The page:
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Poll Observer: First Day of Sudan Voting was Peaceful

  • Peter Clottey

A top official of the Carter Center’s poll observer team says Sudanese were generally interested in voting as the election continues into the second day in the scheduled three-day general election that began Sunday.

David Carroll, director of the democracy program at the Carter Center said voting so far has been peaceful.

“Sudanese generally are looking interested in the voting process. I think it is fair to see some variability around the country. We don’t have all of the reports from our observer team, but in many places we saw good turnout. We saw people waiting in lines to vote. But in many instances, we saw shortages of material or ballots or voter lists being delivered to the wrong stations,” he said.

The election, which enters its second day of scheduled three days of voting, is Sudan’s first in 24 years since a civil war between the north and the south ended.

The election forms part of the 2005 Comprehensive Peace Agreement signed between north and south at the end of the decades-long war.

Carroll said there was adequate security that ensured a peaceful vote in the poll centers he visited in Sudan’s capital, Khartoum.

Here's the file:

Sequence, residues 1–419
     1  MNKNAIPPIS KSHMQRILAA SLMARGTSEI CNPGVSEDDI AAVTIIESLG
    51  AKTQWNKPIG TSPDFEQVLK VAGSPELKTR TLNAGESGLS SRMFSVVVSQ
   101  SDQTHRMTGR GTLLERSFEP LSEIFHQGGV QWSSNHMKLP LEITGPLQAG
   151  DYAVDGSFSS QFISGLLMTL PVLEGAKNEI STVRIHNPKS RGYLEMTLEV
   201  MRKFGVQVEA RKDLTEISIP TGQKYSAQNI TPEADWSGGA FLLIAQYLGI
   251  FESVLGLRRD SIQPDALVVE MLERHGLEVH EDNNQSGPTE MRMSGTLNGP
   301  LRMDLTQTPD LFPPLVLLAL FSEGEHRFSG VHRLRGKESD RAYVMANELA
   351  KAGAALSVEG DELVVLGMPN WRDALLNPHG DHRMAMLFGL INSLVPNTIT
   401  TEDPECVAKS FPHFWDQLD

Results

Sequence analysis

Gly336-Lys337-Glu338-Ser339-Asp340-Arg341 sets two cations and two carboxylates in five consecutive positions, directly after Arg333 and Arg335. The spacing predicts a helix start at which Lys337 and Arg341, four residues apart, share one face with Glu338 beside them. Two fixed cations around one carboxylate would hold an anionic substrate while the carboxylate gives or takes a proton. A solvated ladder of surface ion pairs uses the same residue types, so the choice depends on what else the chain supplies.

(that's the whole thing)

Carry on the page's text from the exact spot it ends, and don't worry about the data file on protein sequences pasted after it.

“I was in stations in Khartoum myself, and there was police presence, as appropriate by election regulations outside the polling place but also nearby, just to maintain security as needed. But there wasn’t in any of the places that I was any kind of intimidating security presence,” Carroll said.

Dr. David Carroll, Director, Democracy Program, The Carter Center

Dr. David Carroll, Director, Democracy Program, The Carter Center

International observers monitoring what many have described as Sudan’s most historic election in decades include the African Union, the European Union in addition to the Carter Center.

Carroll said the poll observers could be seen monitoring Sudan’s vote.

“There is a large international presence, and I think it’s quite important as a symbol of the importance of the election in Sudan and the importance attached to it by the international community and the various international organizations, including the Carter Center. There is a larger team from the European Union and a big team here also from the African Union and IGAD (Intergovernmental Authority on Development) and Arab League and others,” Carroll said.

He pointed out that poll observers from the Carter Center have been working in Sudan since last year in anticipation of the vote.

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